Jerusalem Artichoke

Jerusalem artichoke
Sunroot top.jpg
Stem with flowers
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Jerusalem artichokes

The Jerusalem artichoke (Helianthus tuberosus), also called sunroot, sunchoke, earth apple or topinambour, is a species of sunflower native to eastern North America, and found from eastern Canada and Maine west to North Dakota, and south to northern Florida and Texas.  It is also cultivated widely across the temperate zone for its tuber, which is used as a root vegetable.   – Opening paragraph and photos credit Wikipedea.

I was introduced to Jerusalem Artichoke (also known as Sunchoke) last year when an acquaintance  brought some tubers as giveaways to guests attending a cooking party at a friend’s place.

In fact the name Jerusalem has nothing to do with Jerusalem.  It is also called sunflower artichoke or simply sun choke.

I first planted them on hard soil and then someone pulled it out thinking it was a weed.  I then replanted them on more fertile soil in my vegetable pad and this is what they look like now.  I read that it can grow to around 15 feet.  I wondered when would the the right time to harvest them as it would be such a pity to kill those lovely daisy-like sunflowers.   Thanks to google I know that when the leaves of the plant turns yellow and the flowers die, the tubers will be ready for harvesting and that would probably be in winter.

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When harvested, I will cook the tubers.  They can be used as alternative to potatoes and can be eaten raw or cooked.  I have not yet tried them.  The popular recipes are creamy jerusalem artichoke soup and jerusalem artichoke risotto.  I am specially interested to try out Jamie Oliver’s Pan pan fried with bay leaves.

jerusalem artichoke jaime oliver

Image credit Jamie Oliver.  Click here for full recipe.

Can’t wait to give this a go.  In the meantime I will enjoy the tall plant and the lovely flowers in my garden probably for another couple of months.

Some benefits of Jerusalem Artichoke.  For the full list please click here.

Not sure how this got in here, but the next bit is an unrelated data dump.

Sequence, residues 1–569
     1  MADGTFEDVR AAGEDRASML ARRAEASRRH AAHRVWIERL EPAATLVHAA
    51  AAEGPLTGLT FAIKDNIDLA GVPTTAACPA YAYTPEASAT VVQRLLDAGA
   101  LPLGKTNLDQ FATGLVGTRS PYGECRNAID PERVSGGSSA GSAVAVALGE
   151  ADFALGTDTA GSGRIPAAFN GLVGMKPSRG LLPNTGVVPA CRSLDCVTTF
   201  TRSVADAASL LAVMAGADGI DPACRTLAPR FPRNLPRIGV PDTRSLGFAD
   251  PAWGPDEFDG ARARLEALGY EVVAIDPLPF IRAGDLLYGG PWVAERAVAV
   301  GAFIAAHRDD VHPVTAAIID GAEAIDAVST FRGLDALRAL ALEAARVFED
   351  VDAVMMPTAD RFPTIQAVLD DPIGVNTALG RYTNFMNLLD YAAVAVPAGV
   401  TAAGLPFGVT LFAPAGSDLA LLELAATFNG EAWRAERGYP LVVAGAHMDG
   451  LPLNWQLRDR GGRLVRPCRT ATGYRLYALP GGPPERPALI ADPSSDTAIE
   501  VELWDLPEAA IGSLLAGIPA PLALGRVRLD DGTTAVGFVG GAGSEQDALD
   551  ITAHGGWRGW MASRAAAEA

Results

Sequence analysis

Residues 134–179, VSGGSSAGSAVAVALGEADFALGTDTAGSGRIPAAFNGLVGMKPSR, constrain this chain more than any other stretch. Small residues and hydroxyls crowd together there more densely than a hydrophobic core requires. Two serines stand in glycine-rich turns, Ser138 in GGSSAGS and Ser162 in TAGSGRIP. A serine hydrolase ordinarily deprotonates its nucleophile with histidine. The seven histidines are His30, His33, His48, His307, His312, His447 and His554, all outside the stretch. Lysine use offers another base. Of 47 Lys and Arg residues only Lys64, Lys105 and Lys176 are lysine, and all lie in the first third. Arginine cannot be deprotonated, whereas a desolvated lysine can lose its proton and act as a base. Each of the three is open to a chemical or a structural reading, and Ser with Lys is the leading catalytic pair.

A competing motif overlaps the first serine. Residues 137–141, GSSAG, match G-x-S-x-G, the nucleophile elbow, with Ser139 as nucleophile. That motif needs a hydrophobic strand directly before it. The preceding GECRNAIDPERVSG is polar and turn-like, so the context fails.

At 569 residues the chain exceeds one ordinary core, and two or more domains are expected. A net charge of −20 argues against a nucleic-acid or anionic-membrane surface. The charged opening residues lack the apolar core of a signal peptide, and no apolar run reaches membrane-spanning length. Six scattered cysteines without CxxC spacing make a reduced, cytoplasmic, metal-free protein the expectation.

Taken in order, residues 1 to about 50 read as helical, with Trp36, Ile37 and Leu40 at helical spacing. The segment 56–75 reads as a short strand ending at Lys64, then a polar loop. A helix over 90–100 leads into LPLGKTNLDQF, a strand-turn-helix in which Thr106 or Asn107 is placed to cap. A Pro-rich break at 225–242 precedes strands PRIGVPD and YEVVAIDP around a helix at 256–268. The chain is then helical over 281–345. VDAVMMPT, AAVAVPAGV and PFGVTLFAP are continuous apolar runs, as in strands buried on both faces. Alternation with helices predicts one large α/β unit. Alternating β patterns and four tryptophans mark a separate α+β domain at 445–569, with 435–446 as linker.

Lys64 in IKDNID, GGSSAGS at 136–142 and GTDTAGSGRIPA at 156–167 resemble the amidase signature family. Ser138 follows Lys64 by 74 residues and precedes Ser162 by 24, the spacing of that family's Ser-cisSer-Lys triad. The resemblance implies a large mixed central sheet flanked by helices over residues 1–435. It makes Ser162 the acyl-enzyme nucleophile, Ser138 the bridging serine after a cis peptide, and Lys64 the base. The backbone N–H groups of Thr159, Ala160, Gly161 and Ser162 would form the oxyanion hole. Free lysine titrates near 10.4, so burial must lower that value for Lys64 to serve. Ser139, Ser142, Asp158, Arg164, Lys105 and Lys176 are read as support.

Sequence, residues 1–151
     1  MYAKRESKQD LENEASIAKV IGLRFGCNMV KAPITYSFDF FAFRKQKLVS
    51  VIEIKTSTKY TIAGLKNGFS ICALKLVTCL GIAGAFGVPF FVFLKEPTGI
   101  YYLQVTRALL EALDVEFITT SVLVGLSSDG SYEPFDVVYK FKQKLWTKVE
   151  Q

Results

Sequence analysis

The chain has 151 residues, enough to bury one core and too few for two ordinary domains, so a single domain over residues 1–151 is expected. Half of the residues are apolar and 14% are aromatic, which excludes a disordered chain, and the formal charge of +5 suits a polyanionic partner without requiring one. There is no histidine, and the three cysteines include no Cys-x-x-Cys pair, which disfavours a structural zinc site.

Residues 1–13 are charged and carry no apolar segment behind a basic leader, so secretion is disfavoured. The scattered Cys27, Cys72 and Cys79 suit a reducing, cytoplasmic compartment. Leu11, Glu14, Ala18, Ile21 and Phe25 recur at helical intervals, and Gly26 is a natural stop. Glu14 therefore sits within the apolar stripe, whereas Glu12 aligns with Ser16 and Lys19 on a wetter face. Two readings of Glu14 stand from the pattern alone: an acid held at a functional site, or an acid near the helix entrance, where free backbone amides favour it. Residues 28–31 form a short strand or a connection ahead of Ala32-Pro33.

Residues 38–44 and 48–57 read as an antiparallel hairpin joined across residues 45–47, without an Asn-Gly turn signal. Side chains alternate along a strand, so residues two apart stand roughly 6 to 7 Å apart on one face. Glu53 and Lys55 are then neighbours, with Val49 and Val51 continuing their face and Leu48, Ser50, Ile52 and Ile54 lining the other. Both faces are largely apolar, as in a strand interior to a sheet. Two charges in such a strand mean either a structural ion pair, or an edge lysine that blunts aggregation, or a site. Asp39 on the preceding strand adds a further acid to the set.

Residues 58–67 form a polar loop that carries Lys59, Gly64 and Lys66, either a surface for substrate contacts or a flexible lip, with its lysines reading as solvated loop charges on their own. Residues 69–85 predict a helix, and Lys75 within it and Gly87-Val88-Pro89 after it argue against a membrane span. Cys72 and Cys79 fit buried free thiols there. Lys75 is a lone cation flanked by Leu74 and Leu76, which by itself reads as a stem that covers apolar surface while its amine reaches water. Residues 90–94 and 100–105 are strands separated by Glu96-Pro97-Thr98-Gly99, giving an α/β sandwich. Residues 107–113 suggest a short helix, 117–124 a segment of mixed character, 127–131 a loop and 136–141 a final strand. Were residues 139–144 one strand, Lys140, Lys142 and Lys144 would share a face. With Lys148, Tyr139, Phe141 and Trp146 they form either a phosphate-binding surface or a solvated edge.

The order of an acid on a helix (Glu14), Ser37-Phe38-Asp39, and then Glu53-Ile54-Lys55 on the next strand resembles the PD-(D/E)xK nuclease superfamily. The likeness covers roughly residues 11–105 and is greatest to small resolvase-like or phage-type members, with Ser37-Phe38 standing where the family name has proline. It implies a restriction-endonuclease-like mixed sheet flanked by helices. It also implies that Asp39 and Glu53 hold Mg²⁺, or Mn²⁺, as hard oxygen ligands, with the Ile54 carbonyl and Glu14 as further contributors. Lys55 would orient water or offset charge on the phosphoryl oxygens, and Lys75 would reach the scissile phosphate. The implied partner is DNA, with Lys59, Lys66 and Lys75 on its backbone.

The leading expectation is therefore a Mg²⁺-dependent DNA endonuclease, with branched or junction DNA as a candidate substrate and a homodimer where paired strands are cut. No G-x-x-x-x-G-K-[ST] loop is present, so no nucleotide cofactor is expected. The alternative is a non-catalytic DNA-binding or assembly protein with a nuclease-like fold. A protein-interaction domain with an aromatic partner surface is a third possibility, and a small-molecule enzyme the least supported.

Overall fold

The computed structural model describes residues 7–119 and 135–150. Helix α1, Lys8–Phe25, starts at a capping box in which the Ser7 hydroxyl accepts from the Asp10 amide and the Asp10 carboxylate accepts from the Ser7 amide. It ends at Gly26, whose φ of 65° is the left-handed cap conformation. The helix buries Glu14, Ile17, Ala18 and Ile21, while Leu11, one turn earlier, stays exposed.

• 100 g of fresh sunchoke contains 3.4 mg or 42.5% of iron, probably the highest amount of iron for the common edible roots and tubers.
  • Soluble as well as insoluble fibers in this tuber add up to the bulk of food by retaining moisture in the gut. Studies suggest that adequate roughage in the diet helps reduce constipation problems. Dietary Fibers also offer some protection against colon cancers by eliminating toxic compounds from the gut.
  • The tuber contains small amounts of anti-oxidant vitamins such as vitamin C, vitamin A, vitamin E. These vitamins, together with flavonoid compound like carotenes, helps scavenge harmful free radicals, and thereby offers protection from cancers, inflammation and viral cough and cold.

Have you heard or ever eaten Jerusalem Artichoke?

via Weekly Photo Challenge – One Love
The universe is telling me to focus on love. What is it saying to you?

It is saying to me that loving the community and the world is sharing your passion with all, be it the love of food or new natural remedies to keep the world healthy.

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5 thoughts on “Jerusalem Artichoke

  1. I love this post! We buy a farmer’s basket from late spring to mid-fall. We get weekly vegetable deliveries and we’ve received sunchokes in them. They taste really fresh, I prefer them raw. I can’t wait for you to tell us what you think!

  2. Pingback: WPC: One Love (Growing Flowers) | What's (in) the picture?

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